Cessna Aircraft introduced a treatment to protect Citation jets based in Europe from the corrosive effects of potassium formate, the environmentally friendly but aluminum-hostile runway de-icer increasingly used across the region. The treatment is available under an enhancement to Cessna’s ProTech factory maintenance program, called ProTech+. The anti-corrosion procedure entails a thorough airframe inspection and application of Corban 23, a super-penetrating fluid that creates a protective barrier on the airframe.
Beringer Wheels & Brakes is offering a corrosion-resistant two-piece nosewheel for the DHC-6 Twin Otter. Designed using 3-D FEM software, it is said to stand up to severe use, including wet environments, by sealing the bearings to keep water out. “This alloy wheel is stronger and much less brittle [than the original],” said president Gilbert Beringer.
New Hampshire Ball Bearings (Booth No. N3304) has taken advantage of the opportunity at Heli-Expo ’13 to introduce its Oscimax self-lubricating liner technology to show attendees. The product, according to the company, increases the performance of complex bearing systems and assemblies such as those found in helicopters.
Dassault is studying on-board sensors to anticipate corrosion better. Current corrosion-related inspections follow a one-size-fits-all program, and the programs tend to be quite restrictive. In future, sensors could inform technicians on the actual moisture and salinity the aircraft has been subjected to. “An aircraft sitting in the Arizona desert and one operating from Singapore see different corrosion risks,” Vautey pointed out.
Bowman Plating, a chemical processing company located in Compton, Calif., was sentenced in U.S. District Court, Los Angeles, for providing false statements related to the chemical processing of aircraft parts sold to commercial aviation companies and to the Department of Defense. Bowman was ordered to pay a fine of $500,000, a special assessment of $1,200, and to serve three years of probation.
Sherwin-Williams Aerospace Coatings (Booth No. 4547), located in Andover, Kan., introduced several new products during NBAA’12. Its new urethane primer and sanding surfacer (CM0481827) can double as either a traditional sanding surfacer or as a primer. MROs and paint shops can now use one product for two purposes. And the product dries twice as fast as traditional epoxy surfacer technologies. The corrosion-inhibitive urethane primer is also chromate hazard-free and is intended for use on all aircraft.
Skyscapes, a new basecoat/clearcoat exterior paint developed by Sherwin-Williams Aerospace, now has two complete coatings, including pretreatment, corrosion protective primer, topcoat and clearcoat. Both are certified with SAE International’s Aerospace Material Specification 3095 (AMS 3095). One system includes Alodine, 483987 primer and Skyscapes basecoat/clearcoat. The second system is Alodine, 483787 chrome hazard-free primer and Skyscapes basecoat/clearcoat.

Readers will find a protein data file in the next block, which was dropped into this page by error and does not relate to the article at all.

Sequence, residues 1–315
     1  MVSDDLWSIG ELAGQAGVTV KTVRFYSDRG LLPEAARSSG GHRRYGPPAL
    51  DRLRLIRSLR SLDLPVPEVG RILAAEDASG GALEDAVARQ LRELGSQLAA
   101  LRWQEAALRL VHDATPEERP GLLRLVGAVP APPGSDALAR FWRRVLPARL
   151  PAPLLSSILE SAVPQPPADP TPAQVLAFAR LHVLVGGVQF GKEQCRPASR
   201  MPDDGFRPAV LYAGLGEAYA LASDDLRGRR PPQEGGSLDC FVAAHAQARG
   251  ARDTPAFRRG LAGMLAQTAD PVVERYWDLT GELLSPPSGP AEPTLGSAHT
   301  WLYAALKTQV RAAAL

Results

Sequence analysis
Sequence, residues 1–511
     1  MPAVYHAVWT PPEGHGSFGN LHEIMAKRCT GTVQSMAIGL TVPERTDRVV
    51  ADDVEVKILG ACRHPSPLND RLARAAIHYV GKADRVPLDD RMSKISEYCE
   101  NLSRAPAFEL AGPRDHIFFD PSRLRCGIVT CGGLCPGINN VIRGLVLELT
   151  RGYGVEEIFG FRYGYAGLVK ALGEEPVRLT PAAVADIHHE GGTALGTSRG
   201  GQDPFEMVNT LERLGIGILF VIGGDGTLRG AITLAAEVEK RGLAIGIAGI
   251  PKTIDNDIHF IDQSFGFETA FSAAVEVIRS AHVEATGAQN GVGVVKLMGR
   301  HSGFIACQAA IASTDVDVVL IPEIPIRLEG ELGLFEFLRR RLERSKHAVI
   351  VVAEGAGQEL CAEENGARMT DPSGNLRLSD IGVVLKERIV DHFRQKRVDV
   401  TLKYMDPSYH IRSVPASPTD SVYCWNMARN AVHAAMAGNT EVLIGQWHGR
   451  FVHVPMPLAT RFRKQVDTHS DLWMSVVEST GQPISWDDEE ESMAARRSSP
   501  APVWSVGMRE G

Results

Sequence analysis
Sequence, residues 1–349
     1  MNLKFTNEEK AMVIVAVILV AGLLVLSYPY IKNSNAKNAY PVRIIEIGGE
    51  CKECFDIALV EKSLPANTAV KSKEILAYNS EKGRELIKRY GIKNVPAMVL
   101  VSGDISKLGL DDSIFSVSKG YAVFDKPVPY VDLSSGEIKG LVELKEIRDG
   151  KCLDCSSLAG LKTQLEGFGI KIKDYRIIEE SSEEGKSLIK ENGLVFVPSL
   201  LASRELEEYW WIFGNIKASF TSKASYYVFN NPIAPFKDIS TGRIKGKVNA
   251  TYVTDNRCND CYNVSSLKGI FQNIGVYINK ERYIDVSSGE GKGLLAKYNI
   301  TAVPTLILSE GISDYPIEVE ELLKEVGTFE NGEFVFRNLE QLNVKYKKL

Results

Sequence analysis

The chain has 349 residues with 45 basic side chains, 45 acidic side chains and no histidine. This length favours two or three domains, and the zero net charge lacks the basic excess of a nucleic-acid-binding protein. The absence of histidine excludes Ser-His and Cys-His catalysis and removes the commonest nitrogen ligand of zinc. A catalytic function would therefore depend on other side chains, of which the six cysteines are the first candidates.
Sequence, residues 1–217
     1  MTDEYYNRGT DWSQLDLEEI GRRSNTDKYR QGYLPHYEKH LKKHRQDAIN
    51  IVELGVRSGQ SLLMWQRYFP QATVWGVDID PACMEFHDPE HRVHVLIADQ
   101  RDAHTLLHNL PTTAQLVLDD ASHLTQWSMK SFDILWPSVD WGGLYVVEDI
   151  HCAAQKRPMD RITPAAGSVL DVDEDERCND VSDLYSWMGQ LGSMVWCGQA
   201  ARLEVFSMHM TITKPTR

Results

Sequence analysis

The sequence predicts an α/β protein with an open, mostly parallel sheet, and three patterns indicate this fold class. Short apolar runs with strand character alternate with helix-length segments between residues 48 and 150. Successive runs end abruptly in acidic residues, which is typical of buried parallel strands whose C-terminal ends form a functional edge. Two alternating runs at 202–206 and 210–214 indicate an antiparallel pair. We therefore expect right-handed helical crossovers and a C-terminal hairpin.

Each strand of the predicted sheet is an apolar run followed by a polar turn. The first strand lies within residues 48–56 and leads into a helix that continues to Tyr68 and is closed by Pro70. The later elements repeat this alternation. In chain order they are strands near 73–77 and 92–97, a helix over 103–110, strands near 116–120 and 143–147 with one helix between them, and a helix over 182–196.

An FAA Airworthiness Directive targeting certain Gulfstream Astra SPX, 1125 Westwind Astra and Gulfstream 100s was prompted by sponge rubber padding found between wheel well fuel lines and electrical harnesses to provide separation. The padding is not approved and may cause corrosion of the fuel lines. Uncorrected, it could cause corrosion damage and/or chafing resulting in fuel leakage, which could result in a wheel-well fire.
The FAA proposed an Airworthiness Directive for the Eurocopter SA365N, SA365N1, AS365N2, AS365N3, EC155B, EC155B1, SA365C, SA365C1, SA365C2 and SA366G1. It is prompted by reports of corrosion on the main gearbox (MGB) casing lower area between the two servo-control anchor-fitting attachment ribs. The proposed actions are to detect corrosion on the MGB casing, which could lead to a crack, failure of the MGB and subsequent loss of control. The FAA is accepting comments until August 17.
International business aviation marketing and services company Action Aviation signed an exclusive distribution agreement at EBACE with AirGlide for Aviation Shield, a new nano-technology coating that claims fuel-burn savings of around 4 percent through drag reduction. AirGlide said the nano-particles in its coating fill microscopic gaps and crevices in the aircraft’s skin surface, reducing drag by up to 40 percent.